Net validating x509 certificates
We assume that the certificate for "server.example.com" was issued by "intermediate CA" which itself has a certificate issued by "root CA".With legacy public CA trust verification, you can omit the root certificate from the "server.pem" certificate file.You must allow sufficient time for any TLSA RRsets with only the old digest to expire from DNS caches.The safest practice is to wait until the DNSSEC signature on the previous TLSA RRset expires, and only then switch the server to use new keys published in the updated TLSA RRset.Assuming that Open SSL is written as carefully as Wietse's own code, every 1000 lines introduce one additional bug into Postfix.Topics covered in this document: The diagram below shows the main elements of the Postfix TLS architecture and their relationships.For servers that are not public Internet MX hosts, Postfix supports configurations with no certificates.This entails the use of just the anonymous TLS ciphers, which are not supported by typical SMTP clients.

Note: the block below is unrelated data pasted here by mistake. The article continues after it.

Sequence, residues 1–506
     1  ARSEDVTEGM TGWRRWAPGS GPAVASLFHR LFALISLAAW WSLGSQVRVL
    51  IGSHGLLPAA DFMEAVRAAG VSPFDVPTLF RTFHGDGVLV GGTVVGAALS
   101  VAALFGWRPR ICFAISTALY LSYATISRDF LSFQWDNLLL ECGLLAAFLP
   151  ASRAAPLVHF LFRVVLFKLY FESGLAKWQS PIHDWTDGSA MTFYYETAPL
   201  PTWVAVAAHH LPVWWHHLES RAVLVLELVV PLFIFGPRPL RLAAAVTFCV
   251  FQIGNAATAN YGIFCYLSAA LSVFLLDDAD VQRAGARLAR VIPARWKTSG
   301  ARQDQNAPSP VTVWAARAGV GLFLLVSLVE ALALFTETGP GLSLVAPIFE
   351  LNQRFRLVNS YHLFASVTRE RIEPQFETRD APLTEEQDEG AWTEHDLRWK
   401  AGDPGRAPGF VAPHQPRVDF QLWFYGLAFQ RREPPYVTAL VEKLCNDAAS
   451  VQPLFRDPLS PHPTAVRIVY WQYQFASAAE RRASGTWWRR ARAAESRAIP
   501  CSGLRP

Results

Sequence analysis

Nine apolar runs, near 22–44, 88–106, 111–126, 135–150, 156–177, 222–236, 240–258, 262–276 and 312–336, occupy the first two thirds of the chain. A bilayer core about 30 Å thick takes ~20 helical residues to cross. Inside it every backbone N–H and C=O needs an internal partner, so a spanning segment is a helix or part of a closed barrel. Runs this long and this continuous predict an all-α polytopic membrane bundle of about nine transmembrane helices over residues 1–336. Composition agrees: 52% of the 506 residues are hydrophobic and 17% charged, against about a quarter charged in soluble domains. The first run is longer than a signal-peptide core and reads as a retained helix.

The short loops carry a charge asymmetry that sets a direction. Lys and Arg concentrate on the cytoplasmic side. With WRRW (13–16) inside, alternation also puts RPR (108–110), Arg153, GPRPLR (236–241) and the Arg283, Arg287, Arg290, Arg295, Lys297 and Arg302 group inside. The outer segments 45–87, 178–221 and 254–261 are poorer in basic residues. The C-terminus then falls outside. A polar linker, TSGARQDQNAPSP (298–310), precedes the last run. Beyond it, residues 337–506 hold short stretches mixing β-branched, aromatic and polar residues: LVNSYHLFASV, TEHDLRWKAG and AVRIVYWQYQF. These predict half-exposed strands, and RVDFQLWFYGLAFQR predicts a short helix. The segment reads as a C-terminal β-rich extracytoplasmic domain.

RSA, DSA and ECDSA (Postfix ≥ 2.6) certificates are supported. You can configure all three at the same time, in which case the ciphersuite negotiated with the remote SMTP client determines which certificate is used.The certificate and private key may be in the same file, in which case the certificate file should be owned by "root" and not be readable by any other user.If the key is stored separately, this access restriction applies to the key file only, and the certificate file may be "world-readable".Failure to verify certificates per the server's published TLSA records will typically cause the SMTP client to defer mail delivery.
The foregoing also applies to "2 0 2" and "2 1 2" TLSA records or any other digest of a CA certificate, but it is expected that SHA256 will be by far the most common digest for TLSA.
To verify the Postfix SMTP server certificate, the remote SMTP client must receive the issuing CA certificates via the TLS handshake or via public-key infrastructure.